This might turn out to be a historically important book, lending insights to the development of manned Mars exploration. But for now it’s notable enough for what it is: a smart, exciting piece of entertainment that touches the heart and transports the mind to a strange but real world.
It’s the fifteenth book of the Dresden Files. I know some avid readers who say the series has long since become same-old, same-old. Weirdly enough, I’m still engaged.
I was never very interested in reading this book until lately, when political pundits began setting it up as an opposite to George Orwell’s Nineteen Eighty-Four. After reading it, I don’t really see them as opposites so much as complimentary, dystopian views of the direction our world may be headed.
Robert Galbraith’s first novel enjoyed great financial and critical success even before he turned out to be J. K. Rowling, she of the Harry Potter series. The excitement of being a first-time author all over again seems to have spurred her imagination, bringing us this second Cormoran Strike mystery. I think it is as scintillating as the first installment, and if you’ll forgive the slight spoiler, I look forward to following what promises to be an ongoing series.
The world waited ten years for a sequel to Wicked: The Life and Times of the Wicked Witch of the West. It had plenty to keep it busy while it waited, though. During that time Maguire published several other books, notably Confessions of an Ugly Stepsister and Mirror Mirror.
I’ve had plenty of opportunity to read this book since it came out in 1995. For one thing, I have owned a copy of it for some years. It isn’t that I wasn’t interested. It’s simply that I didn’t think the book needed any boosting from me. It’s a popular bestseller. Dozens of readers have recommended it to me. So what do I have to add except, “Ding, dong, I read it too”?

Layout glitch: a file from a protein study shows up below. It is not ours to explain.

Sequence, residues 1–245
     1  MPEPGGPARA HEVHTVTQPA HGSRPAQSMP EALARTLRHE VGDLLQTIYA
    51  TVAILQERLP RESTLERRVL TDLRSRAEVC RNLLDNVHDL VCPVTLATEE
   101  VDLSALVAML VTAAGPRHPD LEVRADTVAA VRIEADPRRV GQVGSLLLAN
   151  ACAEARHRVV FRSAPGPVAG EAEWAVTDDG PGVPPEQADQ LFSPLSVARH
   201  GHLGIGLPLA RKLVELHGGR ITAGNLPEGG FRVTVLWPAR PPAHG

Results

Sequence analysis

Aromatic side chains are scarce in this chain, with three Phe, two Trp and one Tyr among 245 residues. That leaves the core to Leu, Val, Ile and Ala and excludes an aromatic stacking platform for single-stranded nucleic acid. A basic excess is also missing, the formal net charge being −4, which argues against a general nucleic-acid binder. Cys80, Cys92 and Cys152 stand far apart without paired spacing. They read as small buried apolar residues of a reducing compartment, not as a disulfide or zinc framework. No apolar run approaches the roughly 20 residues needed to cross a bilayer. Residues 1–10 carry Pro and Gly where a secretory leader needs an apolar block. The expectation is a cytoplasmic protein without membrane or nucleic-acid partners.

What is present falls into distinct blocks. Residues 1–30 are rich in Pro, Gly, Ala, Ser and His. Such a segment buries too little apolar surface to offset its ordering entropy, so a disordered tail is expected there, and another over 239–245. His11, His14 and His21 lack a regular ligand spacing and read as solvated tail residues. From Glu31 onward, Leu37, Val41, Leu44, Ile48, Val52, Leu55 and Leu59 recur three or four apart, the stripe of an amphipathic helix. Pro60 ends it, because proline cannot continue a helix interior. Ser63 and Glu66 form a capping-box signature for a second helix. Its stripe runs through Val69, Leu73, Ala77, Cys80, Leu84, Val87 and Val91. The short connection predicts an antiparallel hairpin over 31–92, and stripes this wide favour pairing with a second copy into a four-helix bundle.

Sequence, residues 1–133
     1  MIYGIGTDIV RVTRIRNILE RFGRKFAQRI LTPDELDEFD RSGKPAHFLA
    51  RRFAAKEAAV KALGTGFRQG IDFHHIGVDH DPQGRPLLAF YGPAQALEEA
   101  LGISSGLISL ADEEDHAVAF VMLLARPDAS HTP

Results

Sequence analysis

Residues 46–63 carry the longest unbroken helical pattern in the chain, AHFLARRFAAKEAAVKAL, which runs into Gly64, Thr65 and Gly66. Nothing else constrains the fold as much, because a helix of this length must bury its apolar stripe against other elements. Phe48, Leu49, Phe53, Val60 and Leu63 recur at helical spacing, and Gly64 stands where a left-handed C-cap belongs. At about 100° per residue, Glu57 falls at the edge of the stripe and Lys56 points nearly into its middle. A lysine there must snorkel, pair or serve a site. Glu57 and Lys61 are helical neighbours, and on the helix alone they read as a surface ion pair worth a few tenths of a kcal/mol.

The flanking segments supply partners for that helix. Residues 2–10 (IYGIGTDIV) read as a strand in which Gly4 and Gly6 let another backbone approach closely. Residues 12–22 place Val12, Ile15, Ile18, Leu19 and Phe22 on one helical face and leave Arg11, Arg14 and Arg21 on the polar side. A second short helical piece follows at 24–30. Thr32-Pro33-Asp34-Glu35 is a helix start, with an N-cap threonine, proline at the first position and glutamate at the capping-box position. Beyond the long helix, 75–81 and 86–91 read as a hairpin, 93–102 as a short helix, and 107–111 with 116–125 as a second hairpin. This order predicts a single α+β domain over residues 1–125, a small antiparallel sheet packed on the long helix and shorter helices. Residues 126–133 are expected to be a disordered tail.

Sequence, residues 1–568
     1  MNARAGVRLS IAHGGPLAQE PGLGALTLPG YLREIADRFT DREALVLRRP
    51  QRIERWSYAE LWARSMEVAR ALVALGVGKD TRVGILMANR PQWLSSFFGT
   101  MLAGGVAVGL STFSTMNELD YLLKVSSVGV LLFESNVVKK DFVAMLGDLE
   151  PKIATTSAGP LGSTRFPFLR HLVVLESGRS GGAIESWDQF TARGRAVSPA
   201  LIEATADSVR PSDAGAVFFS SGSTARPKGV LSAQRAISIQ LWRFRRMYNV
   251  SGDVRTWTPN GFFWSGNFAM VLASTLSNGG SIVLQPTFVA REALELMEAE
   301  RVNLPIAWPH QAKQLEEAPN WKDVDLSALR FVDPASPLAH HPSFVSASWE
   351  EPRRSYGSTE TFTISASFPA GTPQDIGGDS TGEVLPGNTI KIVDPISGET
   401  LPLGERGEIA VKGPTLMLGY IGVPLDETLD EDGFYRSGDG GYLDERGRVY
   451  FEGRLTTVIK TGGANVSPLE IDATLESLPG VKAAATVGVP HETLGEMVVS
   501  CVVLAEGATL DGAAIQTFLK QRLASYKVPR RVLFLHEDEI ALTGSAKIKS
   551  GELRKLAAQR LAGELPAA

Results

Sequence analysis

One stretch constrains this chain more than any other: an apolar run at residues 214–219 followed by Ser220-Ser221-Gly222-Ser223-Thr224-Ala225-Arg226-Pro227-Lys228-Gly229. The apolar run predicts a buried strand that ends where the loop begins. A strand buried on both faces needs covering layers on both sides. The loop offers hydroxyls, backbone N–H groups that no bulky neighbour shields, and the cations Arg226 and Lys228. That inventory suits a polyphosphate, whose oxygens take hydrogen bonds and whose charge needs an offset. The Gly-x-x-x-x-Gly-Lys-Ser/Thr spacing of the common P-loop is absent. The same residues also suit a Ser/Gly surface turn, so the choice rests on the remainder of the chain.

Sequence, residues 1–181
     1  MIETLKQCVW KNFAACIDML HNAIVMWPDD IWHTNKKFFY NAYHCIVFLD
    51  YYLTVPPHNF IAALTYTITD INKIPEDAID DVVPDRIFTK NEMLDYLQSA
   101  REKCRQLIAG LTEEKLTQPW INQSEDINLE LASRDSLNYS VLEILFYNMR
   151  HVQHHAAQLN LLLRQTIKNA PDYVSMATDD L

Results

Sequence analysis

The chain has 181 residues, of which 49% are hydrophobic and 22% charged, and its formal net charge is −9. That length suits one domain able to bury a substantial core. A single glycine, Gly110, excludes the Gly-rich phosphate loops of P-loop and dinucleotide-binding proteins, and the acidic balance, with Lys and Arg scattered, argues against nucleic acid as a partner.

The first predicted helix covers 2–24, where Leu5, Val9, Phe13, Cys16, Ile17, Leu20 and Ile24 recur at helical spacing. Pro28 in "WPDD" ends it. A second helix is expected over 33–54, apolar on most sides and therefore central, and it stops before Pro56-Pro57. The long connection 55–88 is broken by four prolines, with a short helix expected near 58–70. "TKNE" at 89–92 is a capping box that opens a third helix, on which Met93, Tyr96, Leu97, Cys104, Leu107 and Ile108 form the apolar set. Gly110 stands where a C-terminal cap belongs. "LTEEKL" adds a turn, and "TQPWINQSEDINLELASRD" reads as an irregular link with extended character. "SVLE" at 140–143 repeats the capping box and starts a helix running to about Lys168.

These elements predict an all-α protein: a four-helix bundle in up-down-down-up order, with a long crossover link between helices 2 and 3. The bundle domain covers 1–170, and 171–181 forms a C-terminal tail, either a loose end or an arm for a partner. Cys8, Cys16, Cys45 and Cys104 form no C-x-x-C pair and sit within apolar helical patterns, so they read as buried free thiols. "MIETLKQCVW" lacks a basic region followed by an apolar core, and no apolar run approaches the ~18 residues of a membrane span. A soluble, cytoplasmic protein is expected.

In the weird version of San Francisco featured in the same author’s “Love Story” trilogy of vampire novels—”Bloodsucking Fiends”, “You Suck”, and “Bite Me”—lives a textbook specimen of the creature known as the Beta Male. His name is Charlie Asher. He runs a second-hand shop (inherited from his father), shares a four-story apartment building (ditto) with his lesbian sister, and can’t believe his luck when a beautiful Jewish girl marries him and has his daughter. But then death swoops down in the form of a seven-foot-tall record store owner whose name, like his wardrobe, is Minty Green. Suddenly Charlie is a widower, a single father, and because he could see Death coming for his wife, he’s Death as well.
I’ve never read anything by Brandon Sanderson before, and I’m generally leery of thick fantasy novels that have the look of “Book One of a Punishingly Long Series.” Three things convinced me to give this book a try. First is the fact that, although it was his first published novel back in 2005, Sanderson hasn’t written any sequels to it… yet. I’m told he plans to, but so far all he has rolled out is a novella set in the same universe, titled “The Emperor’s Soul”, and a short e-book called “The Hope of Elantris”. It’s possible we may luck out, and this will be a standalone novel; that would be just about perfect. The second and deciding vote in favor of reading it is the fact that an audiobook, read by Jack Garrett for Recorded Books, was available at the public library. Third, and making it unanimous, is the list of other works by Brandon Sanderson, which includes a bunch of other stuff that I suddenly want to read.
It’s been quite a few years since I read “Enchanted, Inc.” because, frankly, I’m a guy, and chick lit isn’t my thing. But it was such a funny and magical book that continuing with the series has often been on my mind. And now I find that the “Katie Chandler” series has grown to seven books. Based on the adventures of a Texas belle who finds adventure, romance, and professional fulfillment in New York, it combines the appeal of a “Sex and the City” spoof with the charm of a modern, urban fairy tale.
He still keeps saying, “I’m just a fry cook,” even though it’s been 19 months since he last wielded a spatula in anger. During that time, he has followed the tug of his psychic senses from one horrific ordeal to another. He has stopped mass murders before they happened. He has staved off a nuclear apocalypse, canceled an alien invasion, and unpicked a snarl in the fabric of space time. He has exterminated nests of serial killers, rescued kidnapping victims from demonic villains and their undead minions, and helped the restless spirits of the dead move on to the next big thing. He has accepted help from spunky old ladies, protected the lives of innocent children, and in all probability, saved the world. But he doesn’t like to think of himself as anything more than a humble fry cook. It’s one of the things we love about Odd Thomas.